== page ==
Tom Pierson Orchestra – Last Works
(Auteur 3491/92. CD Review by Frank Griffith)
Tom Pierson‘s Last Works CD presents an overview of 40 years of his big band music. A cast of world-class musicians, for the most part New York stalwart sessioners and players from the Broadway show and jazz scenes, imbues the proceedings with great elan and originality.
Veteran NYC saxists “Blue” Lou Marini, Mark Vinci and Munich-based Michael Lutzeier make outstanding solo contributions. The late legendary Lew Soloff (1944-2015), to whom the CD is dedicated) is featured widely, as is lead player Mike Ponella, to great effect. There are excellent trombone solos from Dan Levine, a native San Franciscan who is a fixture on the New York scene in every conceivable facet of what that great city has to offer musically.
In the addition to the leader’s piano, the original and distinctive drums of Pheeroan akLaff link up wonderfully with Japanese-born, California-raised young bassist Kanoa Mendenhall. Pierson’s textual palette is enhanced by the remarkable rhythmic skills of akLaff. He possesses the ability to hold all of the pieces together, several of which are in excess of ten minutes in length.
Pierson’s career began in 1961 when as a classical pianist he appeared as soloist with the Houston Symphony Orchestra at the age of just 13. After studying at the Juilliard School of Music, he relocated to Los Angeles and scored music for films, notably Robert Altman’s Quintet and Woody Allen’s Manhattan. A move back to New York beckoned in the mid-1980s where he started a big band (which I had the pleasure of depping in on a few occasions) playing much of the music that features on Last Works.
Pierson often would often share his views on his music and current societal ills with his audience. His mantra of “Suicide is not entertainment” was elucidated on every gig , presumably referring to many of the Hollywood films of the day, which I’m sure brought about his leaving that scene and migrating 3,000 miles eastward in pursuit of more creative and fulfilling musical directions. Pierson emigrated to Japan in 1991 and has lived there to this day.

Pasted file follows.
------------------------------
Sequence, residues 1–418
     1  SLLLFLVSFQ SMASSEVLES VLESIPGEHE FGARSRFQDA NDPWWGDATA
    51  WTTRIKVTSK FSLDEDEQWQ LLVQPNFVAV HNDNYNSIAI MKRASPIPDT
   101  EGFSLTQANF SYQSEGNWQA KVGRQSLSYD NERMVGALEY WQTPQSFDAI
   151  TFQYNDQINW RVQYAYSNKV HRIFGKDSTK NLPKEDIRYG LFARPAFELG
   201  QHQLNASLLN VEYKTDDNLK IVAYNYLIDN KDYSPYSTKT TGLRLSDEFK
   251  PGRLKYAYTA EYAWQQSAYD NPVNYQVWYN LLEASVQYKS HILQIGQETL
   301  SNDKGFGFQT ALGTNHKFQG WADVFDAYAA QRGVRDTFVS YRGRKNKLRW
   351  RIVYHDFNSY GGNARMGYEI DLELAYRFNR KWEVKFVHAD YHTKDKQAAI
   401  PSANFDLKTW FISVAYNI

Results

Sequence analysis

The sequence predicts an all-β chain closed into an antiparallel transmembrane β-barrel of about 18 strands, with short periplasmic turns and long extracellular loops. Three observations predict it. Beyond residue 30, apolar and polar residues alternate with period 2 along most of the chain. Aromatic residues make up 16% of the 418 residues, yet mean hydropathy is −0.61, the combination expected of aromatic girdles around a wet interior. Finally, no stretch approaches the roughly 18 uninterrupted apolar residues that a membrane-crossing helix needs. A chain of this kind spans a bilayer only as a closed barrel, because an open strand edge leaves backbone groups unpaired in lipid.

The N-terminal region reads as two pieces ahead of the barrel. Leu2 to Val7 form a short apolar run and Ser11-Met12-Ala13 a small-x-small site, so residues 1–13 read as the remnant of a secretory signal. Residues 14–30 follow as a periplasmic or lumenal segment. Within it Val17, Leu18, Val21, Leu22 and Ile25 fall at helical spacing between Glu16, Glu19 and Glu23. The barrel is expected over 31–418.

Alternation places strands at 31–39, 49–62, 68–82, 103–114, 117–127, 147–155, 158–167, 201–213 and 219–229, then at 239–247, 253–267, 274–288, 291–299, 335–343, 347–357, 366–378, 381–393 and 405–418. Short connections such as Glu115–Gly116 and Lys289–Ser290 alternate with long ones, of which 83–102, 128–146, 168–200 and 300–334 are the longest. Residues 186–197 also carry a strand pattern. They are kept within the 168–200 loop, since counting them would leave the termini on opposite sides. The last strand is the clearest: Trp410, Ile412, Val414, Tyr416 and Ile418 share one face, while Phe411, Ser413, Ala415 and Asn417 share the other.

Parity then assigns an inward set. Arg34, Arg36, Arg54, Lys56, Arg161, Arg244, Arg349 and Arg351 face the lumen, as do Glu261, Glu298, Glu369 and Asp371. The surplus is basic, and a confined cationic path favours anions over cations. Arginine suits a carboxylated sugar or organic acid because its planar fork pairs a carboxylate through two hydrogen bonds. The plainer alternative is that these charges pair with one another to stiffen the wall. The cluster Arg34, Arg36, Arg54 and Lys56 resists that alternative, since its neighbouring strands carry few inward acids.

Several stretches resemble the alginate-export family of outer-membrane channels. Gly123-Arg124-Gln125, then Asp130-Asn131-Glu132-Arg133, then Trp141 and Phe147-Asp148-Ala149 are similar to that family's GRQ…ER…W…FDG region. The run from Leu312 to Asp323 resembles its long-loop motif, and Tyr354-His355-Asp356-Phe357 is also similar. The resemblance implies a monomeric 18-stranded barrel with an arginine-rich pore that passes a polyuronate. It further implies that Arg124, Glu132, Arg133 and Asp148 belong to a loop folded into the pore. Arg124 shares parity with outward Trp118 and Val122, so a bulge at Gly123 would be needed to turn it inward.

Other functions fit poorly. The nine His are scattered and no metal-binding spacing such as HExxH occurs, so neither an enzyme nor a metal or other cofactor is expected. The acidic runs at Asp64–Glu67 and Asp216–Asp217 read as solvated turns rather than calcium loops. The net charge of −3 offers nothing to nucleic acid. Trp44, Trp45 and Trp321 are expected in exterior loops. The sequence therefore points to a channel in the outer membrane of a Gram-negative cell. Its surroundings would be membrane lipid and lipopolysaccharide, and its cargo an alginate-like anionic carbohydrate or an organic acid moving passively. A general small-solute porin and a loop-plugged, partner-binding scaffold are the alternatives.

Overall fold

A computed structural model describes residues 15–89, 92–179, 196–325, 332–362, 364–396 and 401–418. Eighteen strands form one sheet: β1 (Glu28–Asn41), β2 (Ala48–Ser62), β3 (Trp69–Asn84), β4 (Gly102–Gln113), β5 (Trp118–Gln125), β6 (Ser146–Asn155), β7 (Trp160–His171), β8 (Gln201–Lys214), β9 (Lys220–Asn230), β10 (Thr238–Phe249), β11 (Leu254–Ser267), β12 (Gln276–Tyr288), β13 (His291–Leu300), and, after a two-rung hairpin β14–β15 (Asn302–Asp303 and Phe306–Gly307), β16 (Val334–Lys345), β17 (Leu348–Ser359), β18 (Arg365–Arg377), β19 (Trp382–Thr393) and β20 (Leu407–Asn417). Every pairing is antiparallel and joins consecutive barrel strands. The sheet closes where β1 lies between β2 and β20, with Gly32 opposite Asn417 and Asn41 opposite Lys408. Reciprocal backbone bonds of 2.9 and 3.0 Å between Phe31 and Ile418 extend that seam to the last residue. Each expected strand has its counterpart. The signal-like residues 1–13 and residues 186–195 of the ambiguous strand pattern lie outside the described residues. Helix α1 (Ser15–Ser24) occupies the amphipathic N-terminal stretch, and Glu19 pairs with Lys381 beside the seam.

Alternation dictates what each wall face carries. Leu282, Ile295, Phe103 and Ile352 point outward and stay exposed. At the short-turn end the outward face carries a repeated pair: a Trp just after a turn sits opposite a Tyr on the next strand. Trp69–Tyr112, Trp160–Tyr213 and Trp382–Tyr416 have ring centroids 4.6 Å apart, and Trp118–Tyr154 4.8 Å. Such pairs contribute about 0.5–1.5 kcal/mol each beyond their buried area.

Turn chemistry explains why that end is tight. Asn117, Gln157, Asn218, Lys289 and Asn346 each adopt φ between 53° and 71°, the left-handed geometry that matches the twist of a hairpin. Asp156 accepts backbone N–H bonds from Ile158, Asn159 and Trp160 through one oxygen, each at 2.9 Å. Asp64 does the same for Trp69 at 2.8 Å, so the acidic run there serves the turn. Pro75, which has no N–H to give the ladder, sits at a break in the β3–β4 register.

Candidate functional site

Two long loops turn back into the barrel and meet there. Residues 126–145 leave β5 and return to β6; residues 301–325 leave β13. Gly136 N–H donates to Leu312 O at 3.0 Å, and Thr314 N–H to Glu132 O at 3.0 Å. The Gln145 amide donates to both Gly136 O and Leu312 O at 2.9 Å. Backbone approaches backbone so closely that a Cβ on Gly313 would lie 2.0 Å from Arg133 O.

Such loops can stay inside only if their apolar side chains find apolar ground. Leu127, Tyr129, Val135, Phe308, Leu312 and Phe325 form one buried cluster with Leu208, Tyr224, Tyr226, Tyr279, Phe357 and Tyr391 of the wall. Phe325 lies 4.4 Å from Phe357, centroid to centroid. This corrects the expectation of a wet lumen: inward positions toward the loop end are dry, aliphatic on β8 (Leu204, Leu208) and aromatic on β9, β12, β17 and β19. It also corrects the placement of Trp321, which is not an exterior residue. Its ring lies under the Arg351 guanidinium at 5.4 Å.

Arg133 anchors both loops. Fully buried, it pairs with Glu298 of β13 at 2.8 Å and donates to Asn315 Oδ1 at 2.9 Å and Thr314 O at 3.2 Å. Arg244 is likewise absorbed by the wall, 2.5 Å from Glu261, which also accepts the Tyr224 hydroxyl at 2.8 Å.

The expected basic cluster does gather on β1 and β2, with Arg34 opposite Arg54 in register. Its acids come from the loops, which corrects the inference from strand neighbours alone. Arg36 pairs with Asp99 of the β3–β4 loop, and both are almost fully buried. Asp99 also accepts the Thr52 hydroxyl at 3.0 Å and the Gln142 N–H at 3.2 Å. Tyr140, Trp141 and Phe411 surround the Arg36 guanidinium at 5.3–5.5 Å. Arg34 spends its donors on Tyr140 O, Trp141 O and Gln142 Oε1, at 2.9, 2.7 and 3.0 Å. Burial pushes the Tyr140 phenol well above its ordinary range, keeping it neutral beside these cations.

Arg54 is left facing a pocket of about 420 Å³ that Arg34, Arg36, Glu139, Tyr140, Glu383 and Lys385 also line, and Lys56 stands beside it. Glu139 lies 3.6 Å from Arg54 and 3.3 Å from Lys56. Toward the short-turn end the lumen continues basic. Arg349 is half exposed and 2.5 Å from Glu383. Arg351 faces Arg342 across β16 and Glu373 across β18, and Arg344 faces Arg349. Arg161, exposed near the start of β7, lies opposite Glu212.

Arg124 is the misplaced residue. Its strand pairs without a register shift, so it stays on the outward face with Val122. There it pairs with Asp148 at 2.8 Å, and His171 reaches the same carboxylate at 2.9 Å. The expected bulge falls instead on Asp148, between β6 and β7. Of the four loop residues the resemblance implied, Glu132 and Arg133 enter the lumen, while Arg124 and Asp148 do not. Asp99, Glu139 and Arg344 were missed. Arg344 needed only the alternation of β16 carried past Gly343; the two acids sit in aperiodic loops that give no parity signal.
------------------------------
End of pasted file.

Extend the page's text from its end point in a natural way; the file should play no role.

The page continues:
Last Works has 13 pieces spread over two CDs. They all vary extensively in colour, mood, feel and rhythmical impetus.
Some highlights for this listener include Abandoned which was composed at the piano. It contains thematic material which was quite challenging for the chosen instruments but not insurmountable in the end. Bravo to their skills and perseverance! Dark Story has a melody that is a bit “rocky” at first but effectively lends itself into the big band genre. Its expansion of the pure triadic harmonies of the melodies into “bitonal diatonia” voicings that inhabit the interludes and the coda give the piece a refreshing glow. Sultry is a more recent work and Shu Enumoto‘s interpretation of the melody on flute is of such extraordinary delicacy, it palpably inspires the band.
Tom Pierson’s words sum up Last Works effectively. “It’s about sound. The compositions on these CDs span 40 years of my ‘personal search for beauty’. I hope that these sounds touch something in you.” Indeed!
Categories: CD review